- Research article
- Open Access
- Open Peer Review
Discontinuation of thyroid hormone treatment among children in the United States with congenital hypothyroidism: findings from health insurance claims data
BMC Pediatricsvolume 10, Article number: 9 (2010)
Thyroid hormone treatment in children with congenital hypothyroidism can prevent intellectual disability. Guidelines recommend that children diagnosed with congenital hypothyroidism through newborn screening remain on treatment to at least 3 years of age, after which a trial off therapy can determine which children have transient hypothyroidism. The purpose of this study was to describe the rate at which children with congenital hypothyroidism in the United States discontinue thyroid hormone treatment in early childhood.
Retrospective analysis of the 2002-2006 MarketScan® Commercial Claims and Encounters research databases and the 2001-2005 MarketScan Multi-State Medicaid databases. Children were classified as having congenital hypothyroidism based on billing codes and having filled a prescription for thyroid hormone treatment. Kaplan-Meier curve analysis was used to determine discontinuation rates.
There were a total of 412 Medicaid-enrolled children and 292 privately-insured children with presumed congenital hypothyroidism included in this study. The overall birth prevalence of congenital hypothyroidism across both datasets was about 1 per 2,300. By 36 months, the percentage who had discontinued thyroid replacement treatment was 38% (95% Confidence Interval: 32%-44%). Medicaid-enrolled children had a more rapid decline in the first 24 months of treatment compared to those with private insurance (P = 0.02).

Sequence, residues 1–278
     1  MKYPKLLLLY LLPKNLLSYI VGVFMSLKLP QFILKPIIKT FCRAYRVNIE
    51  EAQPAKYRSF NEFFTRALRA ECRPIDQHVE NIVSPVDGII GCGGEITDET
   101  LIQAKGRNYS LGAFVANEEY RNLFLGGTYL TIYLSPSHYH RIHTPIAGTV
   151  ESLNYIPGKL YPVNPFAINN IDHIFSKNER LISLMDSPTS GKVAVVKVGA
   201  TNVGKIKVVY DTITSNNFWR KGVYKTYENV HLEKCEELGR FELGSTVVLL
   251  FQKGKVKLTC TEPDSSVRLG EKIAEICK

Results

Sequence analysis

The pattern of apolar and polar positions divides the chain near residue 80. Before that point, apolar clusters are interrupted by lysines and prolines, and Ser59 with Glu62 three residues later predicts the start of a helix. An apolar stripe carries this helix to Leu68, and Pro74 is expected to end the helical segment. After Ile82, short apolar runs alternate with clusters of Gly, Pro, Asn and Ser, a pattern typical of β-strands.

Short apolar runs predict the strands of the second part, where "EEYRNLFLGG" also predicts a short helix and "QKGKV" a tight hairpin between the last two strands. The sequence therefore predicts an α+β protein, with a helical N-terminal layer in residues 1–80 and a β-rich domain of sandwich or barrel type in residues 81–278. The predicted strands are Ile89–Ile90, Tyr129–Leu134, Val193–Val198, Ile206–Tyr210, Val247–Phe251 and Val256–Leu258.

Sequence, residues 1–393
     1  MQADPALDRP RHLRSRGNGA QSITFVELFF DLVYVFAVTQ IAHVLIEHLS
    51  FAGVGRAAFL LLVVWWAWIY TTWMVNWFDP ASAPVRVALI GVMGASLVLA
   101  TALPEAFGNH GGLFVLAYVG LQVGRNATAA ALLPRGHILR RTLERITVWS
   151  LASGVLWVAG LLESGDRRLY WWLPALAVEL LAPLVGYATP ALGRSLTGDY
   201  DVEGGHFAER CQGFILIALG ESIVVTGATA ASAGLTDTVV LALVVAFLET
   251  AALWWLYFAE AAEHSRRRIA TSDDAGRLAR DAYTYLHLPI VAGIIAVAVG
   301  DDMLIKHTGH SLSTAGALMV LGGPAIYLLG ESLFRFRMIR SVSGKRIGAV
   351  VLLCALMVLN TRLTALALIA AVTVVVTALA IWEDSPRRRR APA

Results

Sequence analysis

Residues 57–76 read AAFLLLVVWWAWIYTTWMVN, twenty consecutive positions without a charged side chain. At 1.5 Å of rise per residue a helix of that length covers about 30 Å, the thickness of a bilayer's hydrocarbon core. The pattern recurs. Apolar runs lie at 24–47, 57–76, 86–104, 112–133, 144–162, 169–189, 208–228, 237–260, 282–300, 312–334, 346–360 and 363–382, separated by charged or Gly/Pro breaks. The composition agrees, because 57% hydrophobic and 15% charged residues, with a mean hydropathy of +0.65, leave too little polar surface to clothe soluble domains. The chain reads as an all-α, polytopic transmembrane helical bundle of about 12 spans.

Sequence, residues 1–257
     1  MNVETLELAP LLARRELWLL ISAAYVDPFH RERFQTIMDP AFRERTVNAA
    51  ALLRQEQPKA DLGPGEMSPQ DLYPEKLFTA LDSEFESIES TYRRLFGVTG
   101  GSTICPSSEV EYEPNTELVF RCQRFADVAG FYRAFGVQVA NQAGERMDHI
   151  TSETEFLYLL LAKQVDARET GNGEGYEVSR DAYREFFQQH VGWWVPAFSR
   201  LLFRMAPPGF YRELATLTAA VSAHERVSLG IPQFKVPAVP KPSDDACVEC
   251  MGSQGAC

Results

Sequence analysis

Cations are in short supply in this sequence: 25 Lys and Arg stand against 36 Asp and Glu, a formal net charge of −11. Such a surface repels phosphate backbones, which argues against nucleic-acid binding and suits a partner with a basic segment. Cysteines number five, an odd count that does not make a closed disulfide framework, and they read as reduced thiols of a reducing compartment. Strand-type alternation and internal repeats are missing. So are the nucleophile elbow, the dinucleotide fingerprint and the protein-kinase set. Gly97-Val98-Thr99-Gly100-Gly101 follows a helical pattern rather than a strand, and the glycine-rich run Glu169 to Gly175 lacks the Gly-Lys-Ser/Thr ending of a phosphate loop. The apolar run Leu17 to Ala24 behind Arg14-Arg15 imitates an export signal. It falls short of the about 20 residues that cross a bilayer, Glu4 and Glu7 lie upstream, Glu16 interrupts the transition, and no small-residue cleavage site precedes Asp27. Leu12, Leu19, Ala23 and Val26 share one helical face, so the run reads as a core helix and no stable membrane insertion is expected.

More than one-third of children treated for congenital hypothyroidism discontinued treatment within 36 months, which is inconsistent with current guidelines. It is not known how many of these children required continued treatment or experience adverse effects from discontinuation. These findings emphasize the critical need for follow-up systems to monitor the outcome of newborn screening.
Although there has been dramatic expansion in the conditions identified by newborn screening, few data are available regarding the care that children receive after they are diagnosed through newborn screening. Appropriate delivery of health care services is necessary to assure the benefit of early diagnosis. We chose to focus on congenital hypothyroidism (CH) because of its relatively high prevalence compared to other conditions included in newborn screening and because treatment is among the most straight-forward.
Newborn screening for CH followed by the early initiation of thyroid hormone treatment to normalize thyroxin (T4) concentrations has been shown to prevent intellectual disability (i.e., mental retardation) [1–3]. Among population-based studies of children born prior to the introduction of newborn screening for CH in the late 1970s, 8% to 29% of children with clinically diagnosed CH received special education services for intellectual disability [4–6].
Despite the unquestioned public health success from newborn screening and the management of CH, there are a number of gaps in knowledge. For example, there has been a sustained rise in the reported frequency of CH among infants in the United States (US) from 24.4 per 100,000 in 1987 to 42.2 per 100,000 in 2002. It is unknown whether this reflects a real increase. In Australia, increased birth prevalence of CH has been tied to changes in diagnostic criteria and clinical practice.